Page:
During my recent time away from ministry, I was able to meet with my volunteers and church members but I wasn’t able to talk about work. I’ll be honest with you and let you know meeting in this way at first was pretty hard for me. I had gotten into a rut where the majority of the time I spent with people was focused on how they were doing in the life of the church or in a specific ministry. For instance, I would always ask my leaders how their small group was, how their relationship with their co-leader was doing, or how I could improve our student ministry. But now I was forced to do away with that method of conversation and focus more on who they are personally.

I got to hear more about their families, their struggles, what was happening at their schools or jobs, and how they were handling all the changes that have been happening. And it was in those moments that I began to connect on a truly deeper level with my volunteers. I realized that I had fallen into a habit of being ministry-focused and not personally-focused.

Most of you probably already do this but if you don’t, let me encourage you to shift how you engage with your people. I never meant to dismiss their personal lives, I just got into a rhythm and didn’t shift. But now, my priority in meeting with leaders will be to care for them, and then to see how things are going in ministry. Doing this not only values your leaders but shows them that they mean more to you than just being a body who shows up to watch students at youth group.

3. Follow up and remember.

This is a big one that really encapsulates the first two points. When you remember what your leaders are going through and follow up with them, it truly makes them feel seen and heard. You are letting them know it wasn’t just checking off a to-do list when you met with them but truly a relationship. Knowing that someone truly cares about you and is willing to continue to see how you are doing is an aspect of leading in ministry that cannot be understated. It is in these moments that we not only validate our leaders but we highlight what the Body of Christ should truly be.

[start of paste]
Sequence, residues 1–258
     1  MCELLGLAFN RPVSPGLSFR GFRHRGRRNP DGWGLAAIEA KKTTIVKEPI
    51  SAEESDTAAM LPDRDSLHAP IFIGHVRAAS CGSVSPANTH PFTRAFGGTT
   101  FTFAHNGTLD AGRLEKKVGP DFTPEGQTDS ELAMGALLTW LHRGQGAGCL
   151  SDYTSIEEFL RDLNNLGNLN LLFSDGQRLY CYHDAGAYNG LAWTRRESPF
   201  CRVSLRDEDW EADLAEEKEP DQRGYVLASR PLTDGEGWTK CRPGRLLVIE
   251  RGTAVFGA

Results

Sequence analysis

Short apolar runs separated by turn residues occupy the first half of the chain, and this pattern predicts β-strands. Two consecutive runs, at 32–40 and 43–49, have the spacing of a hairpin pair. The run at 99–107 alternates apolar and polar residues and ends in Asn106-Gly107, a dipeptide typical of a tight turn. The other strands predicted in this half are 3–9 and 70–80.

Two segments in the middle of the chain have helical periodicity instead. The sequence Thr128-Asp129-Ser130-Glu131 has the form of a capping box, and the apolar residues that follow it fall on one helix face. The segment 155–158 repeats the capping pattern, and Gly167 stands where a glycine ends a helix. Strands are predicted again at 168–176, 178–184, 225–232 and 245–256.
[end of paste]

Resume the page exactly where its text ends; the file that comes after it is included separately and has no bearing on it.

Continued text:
4. Send a note or card.

Sending someone a physical note or card is one of the best, and easiest, things you can do for your leaders. I think we all know how great it feels when we get a letter in the mail. It brings joy knowing that someone spent time writing out a heartfelt message and mailed it to us. I know I personally love seeing a letter amidst the advertisements and bills, and it makes me smile. Now imagine how your leaders would feel getting a note or card from you. Let me encourage you to not make it generic or simply ministry-focused, but to make it personal and relational. These are the moments that you truly get to value and encourage your people by letting them know you care. Never underestimate the power of a personal, handwritten note to your volunteers.

5. Champion them.

I believe all of these points are important, but I really believe this one is huge especially as it pertains to your ministry and the church as a whole. When you highlight your leaders publicly and talk about how awesome they are, it brings a whole new sense of ownership, validity, and relational equity to your volunteers. I love to talk about how awesome my volunteers are during youth group or in staff meetings. I want everyone to know how well they care for and minister to our students. And I want our leaders to know that I see what they are doing and I am eternally grateful for them.

So highlight them to your students. Talk about them to your supervisors. Make sure parents are aware of how awesome they are. And tell them personally. I love to share encouraging things I have seen when I meet one-on-one with a leader. I get to love on them and tell them how grateful I am for them, and it is awesome to see how encouraged they are by those moments.

How do you encourage your leaders?